Suppose the Chinese government is massively subsidizing tire exports -- that they are taking Chinese taxpayer money and directly applying it to tire exports to reduce prices in the US.  What should our response be?  Mine would be:  Thanks, suckers.  If the Chinese really want to tax their people to subsidize lower US consumer prices, why in the world would we want to stop them?

Oh, and remember that Obama pledge to be all lovey-dovey with the rest of the world instead of that nasty confrontational Bush administration?  Well, forget that too:

HONG KONG -- Just two days after the United States slapped Chinese tire imports with hefty tariffs, Beijing has hit back by saying it would launch an anti-dumping investigation into automobile and chicken products from the U.S.

[...]

The "protectionist" policy that seems to have triggered the Chinese tit-for-tat investigation was an order signed on Friday by President Barack Obama that imposes a 35% tariff on tires imported from China on top of the existing import duty of 4%.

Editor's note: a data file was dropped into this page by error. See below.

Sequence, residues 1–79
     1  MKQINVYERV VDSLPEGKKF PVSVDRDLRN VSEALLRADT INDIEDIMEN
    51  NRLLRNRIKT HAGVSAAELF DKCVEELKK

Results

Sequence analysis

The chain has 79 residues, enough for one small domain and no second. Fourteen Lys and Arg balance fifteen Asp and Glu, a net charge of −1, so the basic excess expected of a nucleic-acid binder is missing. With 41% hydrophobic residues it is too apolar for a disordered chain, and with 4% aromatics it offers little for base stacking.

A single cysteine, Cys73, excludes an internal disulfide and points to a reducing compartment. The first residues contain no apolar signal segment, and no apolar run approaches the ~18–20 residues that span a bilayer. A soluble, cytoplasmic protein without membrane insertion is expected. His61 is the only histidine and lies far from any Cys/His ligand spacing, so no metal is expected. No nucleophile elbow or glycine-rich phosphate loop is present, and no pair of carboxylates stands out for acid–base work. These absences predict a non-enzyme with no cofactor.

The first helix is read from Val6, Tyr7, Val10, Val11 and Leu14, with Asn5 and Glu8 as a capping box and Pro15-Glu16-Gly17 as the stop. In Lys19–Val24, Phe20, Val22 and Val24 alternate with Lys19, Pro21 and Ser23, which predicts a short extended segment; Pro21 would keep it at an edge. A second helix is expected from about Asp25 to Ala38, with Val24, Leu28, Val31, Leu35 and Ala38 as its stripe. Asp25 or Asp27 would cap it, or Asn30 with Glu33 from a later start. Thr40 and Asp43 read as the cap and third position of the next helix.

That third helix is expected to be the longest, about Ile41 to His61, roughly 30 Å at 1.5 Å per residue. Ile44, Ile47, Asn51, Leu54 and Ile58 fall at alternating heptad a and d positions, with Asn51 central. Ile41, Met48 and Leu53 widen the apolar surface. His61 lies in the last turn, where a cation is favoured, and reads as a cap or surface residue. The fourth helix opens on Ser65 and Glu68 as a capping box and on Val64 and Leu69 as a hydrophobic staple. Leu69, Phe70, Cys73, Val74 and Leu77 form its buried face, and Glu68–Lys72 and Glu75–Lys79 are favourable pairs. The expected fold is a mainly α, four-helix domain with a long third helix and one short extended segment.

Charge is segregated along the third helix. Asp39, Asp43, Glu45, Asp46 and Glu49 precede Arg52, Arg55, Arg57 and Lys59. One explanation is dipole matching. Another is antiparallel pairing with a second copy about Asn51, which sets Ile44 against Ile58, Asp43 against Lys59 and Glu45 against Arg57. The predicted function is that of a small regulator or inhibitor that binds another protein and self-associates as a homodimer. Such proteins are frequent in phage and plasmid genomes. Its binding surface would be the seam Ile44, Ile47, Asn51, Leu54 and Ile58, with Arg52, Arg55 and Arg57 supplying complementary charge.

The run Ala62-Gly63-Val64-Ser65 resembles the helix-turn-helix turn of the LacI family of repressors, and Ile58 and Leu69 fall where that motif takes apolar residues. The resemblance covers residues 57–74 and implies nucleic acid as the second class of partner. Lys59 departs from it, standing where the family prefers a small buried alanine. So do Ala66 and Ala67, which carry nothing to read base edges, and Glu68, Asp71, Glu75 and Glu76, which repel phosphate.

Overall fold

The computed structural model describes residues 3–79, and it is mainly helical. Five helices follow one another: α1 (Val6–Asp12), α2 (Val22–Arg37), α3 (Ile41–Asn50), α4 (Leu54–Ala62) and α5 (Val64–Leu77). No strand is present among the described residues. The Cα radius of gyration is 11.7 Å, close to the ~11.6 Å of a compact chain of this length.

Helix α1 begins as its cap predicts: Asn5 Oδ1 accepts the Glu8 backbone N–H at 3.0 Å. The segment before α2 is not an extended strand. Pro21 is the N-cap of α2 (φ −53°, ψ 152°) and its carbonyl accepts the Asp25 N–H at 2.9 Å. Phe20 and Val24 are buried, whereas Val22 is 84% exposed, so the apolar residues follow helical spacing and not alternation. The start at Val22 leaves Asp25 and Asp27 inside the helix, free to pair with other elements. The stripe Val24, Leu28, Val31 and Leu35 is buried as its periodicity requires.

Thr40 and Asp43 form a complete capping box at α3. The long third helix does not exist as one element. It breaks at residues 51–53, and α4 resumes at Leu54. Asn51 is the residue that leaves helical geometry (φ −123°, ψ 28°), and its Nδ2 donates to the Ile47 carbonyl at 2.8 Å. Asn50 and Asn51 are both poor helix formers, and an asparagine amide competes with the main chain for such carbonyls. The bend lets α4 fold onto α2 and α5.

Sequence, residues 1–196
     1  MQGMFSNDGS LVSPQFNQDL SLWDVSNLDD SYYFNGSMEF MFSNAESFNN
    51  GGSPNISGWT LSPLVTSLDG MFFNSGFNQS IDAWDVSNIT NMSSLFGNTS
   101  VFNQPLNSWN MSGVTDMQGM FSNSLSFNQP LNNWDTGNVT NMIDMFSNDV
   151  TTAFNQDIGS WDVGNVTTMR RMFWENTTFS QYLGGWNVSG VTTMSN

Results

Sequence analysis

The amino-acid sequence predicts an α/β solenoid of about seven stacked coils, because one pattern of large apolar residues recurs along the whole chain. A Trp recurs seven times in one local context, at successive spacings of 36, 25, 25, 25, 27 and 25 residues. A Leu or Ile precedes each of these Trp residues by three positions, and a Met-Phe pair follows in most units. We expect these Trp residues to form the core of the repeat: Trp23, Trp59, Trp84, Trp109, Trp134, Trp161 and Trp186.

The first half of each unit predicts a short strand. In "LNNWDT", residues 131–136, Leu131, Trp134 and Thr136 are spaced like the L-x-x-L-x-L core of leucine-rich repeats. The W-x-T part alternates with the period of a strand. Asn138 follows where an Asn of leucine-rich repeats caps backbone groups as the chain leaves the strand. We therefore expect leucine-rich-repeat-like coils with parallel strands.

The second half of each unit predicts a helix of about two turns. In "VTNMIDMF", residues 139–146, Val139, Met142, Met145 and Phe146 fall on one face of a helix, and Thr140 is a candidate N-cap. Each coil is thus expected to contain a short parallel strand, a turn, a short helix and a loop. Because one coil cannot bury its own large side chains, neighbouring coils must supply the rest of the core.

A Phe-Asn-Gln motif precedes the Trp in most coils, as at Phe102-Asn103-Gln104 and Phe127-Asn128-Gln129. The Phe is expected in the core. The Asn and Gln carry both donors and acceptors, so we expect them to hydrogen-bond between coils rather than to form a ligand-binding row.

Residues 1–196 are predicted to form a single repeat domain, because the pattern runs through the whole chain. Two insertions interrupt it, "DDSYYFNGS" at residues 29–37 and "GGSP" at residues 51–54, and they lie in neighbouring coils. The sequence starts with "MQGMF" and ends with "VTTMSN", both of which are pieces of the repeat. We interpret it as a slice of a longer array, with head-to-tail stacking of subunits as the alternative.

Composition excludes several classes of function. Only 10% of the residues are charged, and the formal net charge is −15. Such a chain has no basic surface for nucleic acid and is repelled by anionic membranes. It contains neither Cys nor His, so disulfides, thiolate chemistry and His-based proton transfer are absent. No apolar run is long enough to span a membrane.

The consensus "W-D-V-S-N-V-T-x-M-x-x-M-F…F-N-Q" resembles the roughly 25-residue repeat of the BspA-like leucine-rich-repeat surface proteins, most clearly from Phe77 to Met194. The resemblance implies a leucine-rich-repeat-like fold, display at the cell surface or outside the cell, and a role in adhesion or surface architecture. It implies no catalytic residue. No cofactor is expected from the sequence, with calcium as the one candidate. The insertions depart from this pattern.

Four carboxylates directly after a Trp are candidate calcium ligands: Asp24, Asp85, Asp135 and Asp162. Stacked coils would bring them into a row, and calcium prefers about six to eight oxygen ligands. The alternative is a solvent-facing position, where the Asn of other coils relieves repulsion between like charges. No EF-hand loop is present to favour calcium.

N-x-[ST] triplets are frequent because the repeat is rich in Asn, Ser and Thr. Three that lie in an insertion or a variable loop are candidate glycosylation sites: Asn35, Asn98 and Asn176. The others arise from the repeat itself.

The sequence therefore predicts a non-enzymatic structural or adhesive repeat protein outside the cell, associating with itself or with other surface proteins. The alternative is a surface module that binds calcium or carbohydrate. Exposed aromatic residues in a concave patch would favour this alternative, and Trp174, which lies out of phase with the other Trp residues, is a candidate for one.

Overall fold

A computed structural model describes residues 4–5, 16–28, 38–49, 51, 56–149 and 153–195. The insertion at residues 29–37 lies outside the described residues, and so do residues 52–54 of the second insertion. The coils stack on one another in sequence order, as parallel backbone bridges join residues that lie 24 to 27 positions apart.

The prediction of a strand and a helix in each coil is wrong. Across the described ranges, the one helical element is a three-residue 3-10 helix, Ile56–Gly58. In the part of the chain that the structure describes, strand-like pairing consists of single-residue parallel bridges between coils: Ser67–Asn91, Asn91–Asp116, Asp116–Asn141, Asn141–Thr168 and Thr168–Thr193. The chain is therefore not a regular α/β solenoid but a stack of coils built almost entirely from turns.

Can anyone say, "Smoot-Hawley."  I am sure happy we all learned from the one unequivocal lesson that every economist, left-right-Keynsian-monetarist, took away from the Great Depression -- that starting an international trade war is the best way to exacerbate a recession.  Obama has  done just about the only thing everyone agrees shouldn't be done in response to a major economic downturn.

Update: More good analysis here

Postscript: I wrote this hypothetical post from the Chinese perspective a couple of years ago:  From "Panda Blog:"

Our Chinese government continues to pursue a policy of export promotion, patting itself on the back for its trade surplus in manufactured goods with the United States.  The Chinese government does so through a number of avenues, including:

  • Limiting yuan convertibility, and keeping the yuan's value artificially low
  • Imposing strict capital controls that limit dollar reinvestment to low-yield securities like US government T-bills
  • Selling exports below cost and well below domestic prices (what the Americans call "dumping") and subsidizing products for export